NABSA Comments on Recent COVID-19 CDC Guidance

For the last decade, shared micromobility has proven to be an environmentally friendly, equitable, and affordable form of public transportation. Over the past year, the COVID-19 pandemic has further highlighted that shared micromobility is an essential transportation service because of the unique ways that it not only connects people to transit through first/last mile trips and fills transit deserts, but also how it can provide resiliency for transit when there are temporary gaps in transit service. Immediately when the pandemic hit North America, shared micromobility systems rolled out heightened and responsive cleaning protocols and offered free or discounted essential worker programs to help people get to where they need to go.

Now a year later, vaccines are available, some shared micromobility systems are seeing record ridership, like in Philadelphia, New York, Austin, and scooters are as prolific as ever. And the CDC knows a lot more about COVID-19.

Shared micromobility services were quick to respond, as concerns for public health, safety, and strategies for mitigating transmission of the virus have been a top priority. Throughout the past year, systems throughout North America have been following the guidance of their local and national health agencies to promote public safety and awareness, and to protect operations staff. Cleaning and sanitization protocols were elevated to include the cleaning of each vehicle that came through a service depot, and in some locations corals, using products that met CDC recommendations for COVID-19 sanitation. These elevated cleaning protocols come at a cost and operational strain for shared micromobility systems.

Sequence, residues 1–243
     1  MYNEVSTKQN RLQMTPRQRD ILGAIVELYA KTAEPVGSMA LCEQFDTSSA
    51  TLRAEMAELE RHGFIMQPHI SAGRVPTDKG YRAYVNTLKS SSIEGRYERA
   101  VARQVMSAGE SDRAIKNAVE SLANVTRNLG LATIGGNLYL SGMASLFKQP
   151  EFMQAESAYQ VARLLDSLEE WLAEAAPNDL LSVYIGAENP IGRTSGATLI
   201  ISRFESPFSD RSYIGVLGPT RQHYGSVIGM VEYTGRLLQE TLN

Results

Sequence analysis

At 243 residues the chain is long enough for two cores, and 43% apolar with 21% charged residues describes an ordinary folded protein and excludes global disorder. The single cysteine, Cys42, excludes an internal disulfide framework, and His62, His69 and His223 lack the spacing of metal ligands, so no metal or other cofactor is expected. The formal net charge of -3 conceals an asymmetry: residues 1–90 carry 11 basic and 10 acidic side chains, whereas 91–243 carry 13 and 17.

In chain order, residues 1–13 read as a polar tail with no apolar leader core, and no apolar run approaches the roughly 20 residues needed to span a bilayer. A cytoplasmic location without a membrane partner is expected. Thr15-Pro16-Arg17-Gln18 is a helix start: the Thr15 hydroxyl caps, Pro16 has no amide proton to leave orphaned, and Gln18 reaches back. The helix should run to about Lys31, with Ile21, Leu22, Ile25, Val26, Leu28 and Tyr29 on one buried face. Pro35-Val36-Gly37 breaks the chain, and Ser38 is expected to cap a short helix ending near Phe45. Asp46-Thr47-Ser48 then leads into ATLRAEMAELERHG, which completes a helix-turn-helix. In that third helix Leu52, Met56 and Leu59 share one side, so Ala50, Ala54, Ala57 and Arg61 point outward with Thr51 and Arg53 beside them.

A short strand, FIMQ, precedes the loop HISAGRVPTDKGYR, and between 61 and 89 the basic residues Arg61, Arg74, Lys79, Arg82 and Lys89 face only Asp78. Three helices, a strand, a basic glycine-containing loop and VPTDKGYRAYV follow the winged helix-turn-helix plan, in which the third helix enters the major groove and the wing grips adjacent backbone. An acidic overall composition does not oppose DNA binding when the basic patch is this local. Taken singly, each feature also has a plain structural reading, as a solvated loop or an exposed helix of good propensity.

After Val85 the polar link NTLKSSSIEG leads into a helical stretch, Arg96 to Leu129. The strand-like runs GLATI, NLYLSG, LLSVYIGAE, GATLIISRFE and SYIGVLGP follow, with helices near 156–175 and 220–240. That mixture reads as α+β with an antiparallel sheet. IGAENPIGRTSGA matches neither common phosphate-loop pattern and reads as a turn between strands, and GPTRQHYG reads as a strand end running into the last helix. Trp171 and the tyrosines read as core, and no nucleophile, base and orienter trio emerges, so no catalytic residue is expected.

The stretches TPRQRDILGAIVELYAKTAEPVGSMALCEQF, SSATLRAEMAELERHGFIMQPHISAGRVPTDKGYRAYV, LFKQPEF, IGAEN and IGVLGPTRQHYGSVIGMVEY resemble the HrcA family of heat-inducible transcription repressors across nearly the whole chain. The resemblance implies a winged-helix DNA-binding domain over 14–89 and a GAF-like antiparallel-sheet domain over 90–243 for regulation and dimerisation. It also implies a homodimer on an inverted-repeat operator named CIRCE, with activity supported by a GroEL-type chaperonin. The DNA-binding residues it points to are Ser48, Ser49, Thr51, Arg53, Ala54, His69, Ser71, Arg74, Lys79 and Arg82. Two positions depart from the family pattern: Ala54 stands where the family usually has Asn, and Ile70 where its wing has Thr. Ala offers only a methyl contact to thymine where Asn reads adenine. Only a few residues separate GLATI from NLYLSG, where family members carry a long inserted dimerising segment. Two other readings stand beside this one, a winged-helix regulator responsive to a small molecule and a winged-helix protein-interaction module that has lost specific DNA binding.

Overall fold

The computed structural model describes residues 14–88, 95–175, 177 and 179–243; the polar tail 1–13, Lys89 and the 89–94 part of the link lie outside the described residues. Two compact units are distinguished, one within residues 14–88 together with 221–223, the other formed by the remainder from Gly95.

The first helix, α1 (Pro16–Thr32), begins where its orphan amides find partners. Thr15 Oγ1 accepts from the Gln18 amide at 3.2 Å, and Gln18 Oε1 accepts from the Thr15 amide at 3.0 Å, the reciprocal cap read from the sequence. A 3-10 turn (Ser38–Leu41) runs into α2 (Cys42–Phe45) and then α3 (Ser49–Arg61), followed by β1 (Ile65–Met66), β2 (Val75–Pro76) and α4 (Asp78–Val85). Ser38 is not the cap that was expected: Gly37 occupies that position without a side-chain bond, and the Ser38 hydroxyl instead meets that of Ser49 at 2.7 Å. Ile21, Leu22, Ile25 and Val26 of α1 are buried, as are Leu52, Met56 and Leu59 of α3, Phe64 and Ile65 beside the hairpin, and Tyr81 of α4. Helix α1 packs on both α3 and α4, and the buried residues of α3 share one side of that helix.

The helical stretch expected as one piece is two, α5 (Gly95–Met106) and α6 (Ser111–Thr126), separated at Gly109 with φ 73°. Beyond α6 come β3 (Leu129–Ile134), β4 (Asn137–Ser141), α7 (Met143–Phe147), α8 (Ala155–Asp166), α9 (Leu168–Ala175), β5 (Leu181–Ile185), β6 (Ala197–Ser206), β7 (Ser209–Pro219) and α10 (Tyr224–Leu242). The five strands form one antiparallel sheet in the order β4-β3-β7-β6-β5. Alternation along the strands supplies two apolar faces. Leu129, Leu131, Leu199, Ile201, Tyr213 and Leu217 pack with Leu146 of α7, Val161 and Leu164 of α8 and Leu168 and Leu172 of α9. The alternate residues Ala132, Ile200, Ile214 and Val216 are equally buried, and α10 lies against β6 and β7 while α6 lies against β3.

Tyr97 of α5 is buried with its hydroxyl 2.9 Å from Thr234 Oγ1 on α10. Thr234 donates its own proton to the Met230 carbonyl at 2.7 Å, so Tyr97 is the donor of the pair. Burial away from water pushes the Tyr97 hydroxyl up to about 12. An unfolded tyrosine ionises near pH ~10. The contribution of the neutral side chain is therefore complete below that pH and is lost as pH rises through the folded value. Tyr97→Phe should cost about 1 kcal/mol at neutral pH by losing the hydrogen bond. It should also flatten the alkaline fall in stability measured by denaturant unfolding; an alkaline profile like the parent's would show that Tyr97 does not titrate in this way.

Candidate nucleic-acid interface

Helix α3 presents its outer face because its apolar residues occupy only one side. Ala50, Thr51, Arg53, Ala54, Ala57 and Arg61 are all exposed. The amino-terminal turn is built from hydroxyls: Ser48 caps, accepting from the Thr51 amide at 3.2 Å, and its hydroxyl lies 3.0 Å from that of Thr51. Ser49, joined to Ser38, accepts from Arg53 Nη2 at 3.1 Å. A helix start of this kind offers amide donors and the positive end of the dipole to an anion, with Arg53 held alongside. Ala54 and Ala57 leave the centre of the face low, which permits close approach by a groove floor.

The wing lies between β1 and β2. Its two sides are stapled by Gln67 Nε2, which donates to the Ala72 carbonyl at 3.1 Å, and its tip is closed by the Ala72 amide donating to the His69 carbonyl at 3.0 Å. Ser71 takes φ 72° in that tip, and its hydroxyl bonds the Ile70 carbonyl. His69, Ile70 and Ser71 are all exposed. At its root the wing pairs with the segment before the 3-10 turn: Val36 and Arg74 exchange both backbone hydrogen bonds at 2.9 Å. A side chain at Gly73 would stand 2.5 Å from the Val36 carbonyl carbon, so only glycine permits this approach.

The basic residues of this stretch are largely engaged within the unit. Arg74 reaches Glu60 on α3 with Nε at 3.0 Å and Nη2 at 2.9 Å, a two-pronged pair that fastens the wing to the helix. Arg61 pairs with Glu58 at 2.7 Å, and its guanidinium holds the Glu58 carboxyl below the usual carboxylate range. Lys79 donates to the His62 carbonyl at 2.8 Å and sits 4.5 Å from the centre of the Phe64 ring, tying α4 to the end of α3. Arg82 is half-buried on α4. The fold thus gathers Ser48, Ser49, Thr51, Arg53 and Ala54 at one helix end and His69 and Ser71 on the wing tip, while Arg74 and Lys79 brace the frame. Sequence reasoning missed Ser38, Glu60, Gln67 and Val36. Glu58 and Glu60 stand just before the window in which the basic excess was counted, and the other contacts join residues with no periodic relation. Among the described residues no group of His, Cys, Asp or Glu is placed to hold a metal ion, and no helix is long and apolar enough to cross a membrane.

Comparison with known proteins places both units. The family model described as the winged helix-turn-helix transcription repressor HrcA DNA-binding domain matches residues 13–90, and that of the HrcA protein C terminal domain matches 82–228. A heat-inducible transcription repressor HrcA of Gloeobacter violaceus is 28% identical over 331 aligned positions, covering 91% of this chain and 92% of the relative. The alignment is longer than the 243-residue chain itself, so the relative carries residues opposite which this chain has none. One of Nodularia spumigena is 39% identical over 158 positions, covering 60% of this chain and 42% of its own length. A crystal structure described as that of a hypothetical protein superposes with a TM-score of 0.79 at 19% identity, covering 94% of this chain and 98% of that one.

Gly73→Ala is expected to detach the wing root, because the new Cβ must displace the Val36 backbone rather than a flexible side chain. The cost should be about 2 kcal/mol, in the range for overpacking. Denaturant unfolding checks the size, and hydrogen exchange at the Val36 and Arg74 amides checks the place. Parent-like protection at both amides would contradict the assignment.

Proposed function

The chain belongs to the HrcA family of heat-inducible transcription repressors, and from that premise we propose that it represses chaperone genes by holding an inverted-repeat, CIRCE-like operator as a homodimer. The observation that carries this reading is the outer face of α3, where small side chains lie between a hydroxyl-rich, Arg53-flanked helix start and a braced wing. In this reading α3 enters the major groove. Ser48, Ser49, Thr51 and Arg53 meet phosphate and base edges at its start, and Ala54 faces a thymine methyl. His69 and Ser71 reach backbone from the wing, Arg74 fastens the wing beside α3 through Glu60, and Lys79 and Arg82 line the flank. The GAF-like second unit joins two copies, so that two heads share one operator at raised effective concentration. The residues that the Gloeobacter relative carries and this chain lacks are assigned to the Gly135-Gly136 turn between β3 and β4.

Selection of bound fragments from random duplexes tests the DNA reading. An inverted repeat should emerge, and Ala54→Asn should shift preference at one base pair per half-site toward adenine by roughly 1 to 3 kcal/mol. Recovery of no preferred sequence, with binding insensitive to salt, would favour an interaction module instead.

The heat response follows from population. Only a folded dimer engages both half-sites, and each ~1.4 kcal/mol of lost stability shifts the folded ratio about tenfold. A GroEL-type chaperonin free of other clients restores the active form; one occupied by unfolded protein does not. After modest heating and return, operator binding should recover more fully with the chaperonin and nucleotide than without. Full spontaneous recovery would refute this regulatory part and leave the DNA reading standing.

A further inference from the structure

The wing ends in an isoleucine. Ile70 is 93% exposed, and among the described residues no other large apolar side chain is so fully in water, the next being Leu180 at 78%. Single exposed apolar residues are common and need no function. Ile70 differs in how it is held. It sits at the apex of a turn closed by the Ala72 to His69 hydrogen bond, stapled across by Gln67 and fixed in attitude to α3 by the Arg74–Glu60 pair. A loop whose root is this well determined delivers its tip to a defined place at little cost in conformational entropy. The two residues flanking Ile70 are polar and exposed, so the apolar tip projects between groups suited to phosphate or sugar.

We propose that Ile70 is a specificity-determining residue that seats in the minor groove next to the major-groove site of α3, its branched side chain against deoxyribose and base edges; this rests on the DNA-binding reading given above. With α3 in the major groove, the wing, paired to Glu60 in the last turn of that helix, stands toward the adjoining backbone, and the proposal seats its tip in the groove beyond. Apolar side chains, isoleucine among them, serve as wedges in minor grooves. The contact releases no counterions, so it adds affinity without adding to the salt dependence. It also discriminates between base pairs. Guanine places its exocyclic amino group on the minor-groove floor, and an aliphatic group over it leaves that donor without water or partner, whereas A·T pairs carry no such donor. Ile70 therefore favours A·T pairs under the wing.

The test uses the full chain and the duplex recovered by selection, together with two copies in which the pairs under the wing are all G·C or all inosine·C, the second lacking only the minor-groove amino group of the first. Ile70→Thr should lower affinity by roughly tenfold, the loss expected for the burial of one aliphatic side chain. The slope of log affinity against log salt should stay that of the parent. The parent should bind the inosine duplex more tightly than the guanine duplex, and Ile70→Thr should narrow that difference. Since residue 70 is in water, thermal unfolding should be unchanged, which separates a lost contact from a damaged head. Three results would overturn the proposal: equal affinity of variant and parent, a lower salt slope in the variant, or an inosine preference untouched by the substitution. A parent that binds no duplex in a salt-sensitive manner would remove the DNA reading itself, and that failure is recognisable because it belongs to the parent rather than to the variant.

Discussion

In April of this year, the CDC came out with new guidance about the surface transmission of COVID-19 that deemphasizes surface sanitization as an effective method for preventing COVID-19 transmission. This CDC guidance states in conclusion to their new guidance that:

People can be infected with SARS-CoV-2 through contact with surfaces. However, based on available epidemiological data and studies of environmental transmission factors, surface transmission is not the main route by which SARS-CoV-2 spreads, and the risk is considered to be low. The principal mode by which people are infected with SARS-CoV-2 is through exposure to respiratory droplets carrying infectious virus. In most situations, cleaning surfaces using soap or detergent, and not disinfecting, is enough to reduce risk. Disinfection is recommended in indoor community settings where there has been a suspected or confirmed case of COVID-19 within the last 24 hours. The risk of fomite transmission can be reduced by wearing masks consistently and correctly, practicing hand hygiene, cleaning, and taking other measures to maintain healthy facilities.

As with most other aspects of public life during the pandemic, members of the public have taken responsibility for their own health and safety, for example, by wearing masks, carrying personal hand sanitizer, and practicing good hygiene in public spaces. Ridership is increasing as there is continued vaccination rollout and relaxation of limits on public gatherings. Increased sanitation protocols in some places are changing the unit economics of offering shared micromobility services. Decisions about sanitization and disinfecting bikes, scooters, and stations vary from system to system. We encourage cities, operators, and partners to re-evaluate the resources and efforts that they have been dedicating to disinfecting outdoor equipment. At a time when ridership is increasing as nations are re-opening, this re-evaluation will allow operators to better address operational needs due to the increased usage of shared micromobility systems.

As North America begins to emerge from the pandemic, shared micromobility systems continue to launch and expand. Thanks to all of the dedicated workers keeping us rolling.